Forty four degrees in the forest…

Forty four degrees in the forest
Canon 5D mk1 converted to IR ƒ11 1/60s ISO160 Voigtlander 40mm

I had to take another look at this view. I can’t leave the property when the temperature is in the high thirties and forties just in case of fire. The fires last weekend were very bad fifty two families are now without their homes in areas that I know well it’s very very sad. It seems that strong winds blew a power pole over on private property, the cables arced and caused the fire and the wind fanned the flames very quickly. I really feel deeply for all the people affected but it could happen to anyone who lives in the Darling Ranges we are more than most, subject to the forces of nature even though there is the possibility that it may have been caused by human error. One only has to look at the magnificence of this place, so why would any one want to leave! The volunteer fire brigade with the help of water bombing managed to get the fires under control on the second night with help from the overnight cool temperatures and the laps in the wind, they truly wonderful people. After four days cool temperatures 25 – 29 degC today again the temperature has risen to thirty nine, we cross our fingers and live in hope…

Four Dollars : Street tree series continued

Four Dollars : street tree series continued...
Leica M2 ƒ11 1/250s 40mm Summicron Agfa 100 ultra C41 developed as B+W 1:50 Rodinal 10 minutes finished in Silver Effex.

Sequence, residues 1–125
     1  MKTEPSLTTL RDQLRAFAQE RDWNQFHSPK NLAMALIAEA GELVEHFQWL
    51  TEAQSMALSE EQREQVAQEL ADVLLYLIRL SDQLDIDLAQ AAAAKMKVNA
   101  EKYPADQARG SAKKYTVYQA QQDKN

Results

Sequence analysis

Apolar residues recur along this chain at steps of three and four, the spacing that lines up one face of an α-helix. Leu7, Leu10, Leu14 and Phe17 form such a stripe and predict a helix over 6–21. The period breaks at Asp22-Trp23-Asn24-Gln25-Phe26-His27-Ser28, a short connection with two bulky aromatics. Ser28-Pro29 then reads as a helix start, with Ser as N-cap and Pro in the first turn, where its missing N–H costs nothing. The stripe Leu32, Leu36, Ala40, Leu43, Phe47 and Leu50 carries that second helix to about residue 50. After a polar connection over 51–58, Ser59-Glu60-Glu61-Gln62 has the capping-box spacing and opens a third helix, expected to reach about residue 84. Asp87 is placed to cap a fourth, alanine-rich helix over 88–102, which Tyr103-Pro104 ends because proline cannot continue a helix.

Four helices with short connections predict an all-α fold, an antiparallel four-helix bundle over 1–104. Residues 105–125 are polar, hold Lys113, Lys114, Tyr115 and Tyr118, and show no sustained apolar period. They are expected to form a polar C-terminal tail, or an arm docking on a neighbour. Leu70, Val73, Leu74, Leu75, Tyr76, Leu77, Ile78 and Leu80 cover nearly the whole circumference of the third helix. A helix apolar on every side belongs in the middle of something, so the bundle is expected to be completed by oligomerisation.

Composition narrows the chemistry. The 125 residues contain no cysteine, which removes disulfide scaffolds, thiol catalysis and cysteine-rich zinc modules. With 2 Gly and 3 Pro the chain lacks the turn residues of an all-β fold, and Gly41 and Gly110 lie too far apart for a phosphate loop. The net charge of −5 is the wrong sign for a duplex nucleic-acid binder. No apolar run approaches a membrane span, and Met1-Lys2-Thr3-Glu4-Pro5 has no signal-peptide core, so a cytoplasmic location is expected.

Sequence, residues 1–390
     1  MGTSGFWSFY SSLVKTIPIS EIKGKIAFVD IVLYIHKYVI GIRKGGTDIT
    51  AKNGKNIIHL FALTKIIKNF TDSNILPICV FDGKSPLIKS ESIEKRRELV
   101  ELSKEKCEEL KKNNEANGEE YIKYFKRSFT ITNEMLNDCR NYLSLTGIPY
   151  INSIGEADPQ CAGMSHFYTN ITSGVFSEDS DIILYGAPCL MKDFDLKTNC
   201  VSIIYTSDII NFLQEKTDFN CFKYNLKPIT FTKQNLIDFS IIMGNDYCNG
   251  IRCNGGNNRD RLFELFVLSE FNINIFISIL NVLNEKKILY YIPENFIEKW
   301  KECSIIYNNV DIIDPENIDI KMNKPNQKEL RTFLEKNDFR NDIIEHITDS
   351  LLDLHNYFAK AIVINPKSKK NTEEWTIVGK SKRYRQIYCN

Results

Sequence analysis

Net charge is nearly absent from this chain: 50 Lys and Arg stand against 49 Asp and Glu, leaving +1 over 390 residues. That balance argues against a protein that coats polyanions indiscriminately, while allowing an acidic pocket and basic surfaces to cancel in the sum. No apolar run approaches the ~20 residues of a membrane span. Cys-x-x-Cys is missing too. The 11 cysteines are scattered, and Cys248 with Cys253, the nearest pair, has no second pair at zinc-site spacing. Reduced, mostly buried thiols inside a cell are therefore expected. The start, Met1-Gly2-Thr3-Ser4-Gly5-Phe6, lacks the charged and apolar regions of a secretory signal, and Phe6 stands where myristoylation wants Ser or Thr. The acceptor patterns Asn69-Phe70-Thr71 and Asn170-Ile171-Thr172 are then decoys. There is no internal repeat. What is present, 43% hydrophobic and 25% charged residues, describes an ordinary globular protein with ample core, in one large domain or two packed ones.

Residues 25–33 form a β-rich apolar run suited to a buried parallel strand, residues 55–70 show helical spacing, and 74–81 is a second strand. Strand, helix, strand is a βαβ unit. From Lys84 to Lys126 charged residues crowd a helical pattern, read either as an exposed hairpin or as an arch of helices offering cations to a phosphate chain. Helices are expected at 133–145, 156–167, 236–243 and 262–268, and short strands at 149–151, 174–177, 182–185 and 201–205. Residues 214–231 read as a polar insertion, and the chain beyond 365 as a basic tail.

I think this is a Queensland Box tree which unusually has been left intact. Generally in this part of the world if a tree grows its fair game to be hacked and butchered into something that does not resemble a naturally grown tree at all. This tree provides deep shade for the front of the house and garden which is something Western Australian natives often fail to do. It always seems that where trees that provide good shade are needed the WA natives are planted and along roads where there is no parking there always seem to be good shade trees. A deceased good friend of mine was  keen observer of such conundrums, Harry called it Sods law and in such cases a sod it is!

Ice cream cone furniture…

Ice cream cone seat, Norgen Vaaz,Midland,Western Australia Olympus OMD EM-5 ƒ8 1/40th ISO 500
At some point in my career I might have described Ice cream cone furniture like this as pure kitsch. But seen in context it really is no different to the shop signs of the eighteenth and nineteenth centuries where craftsman and shop traders hung symbols of their trade above their shop entrances. I remember some of the older towns from my original homeland where there were any number of these symbols in the High street. Boots for shoe shops and cobblers, the striped poles for barbers, a large fish for fish mongers and so on. Quite honestly I think any child would see these ice cream cone seats and tables as a welcome addition to an out side al fresco area. And oh yes they are quite comfortable…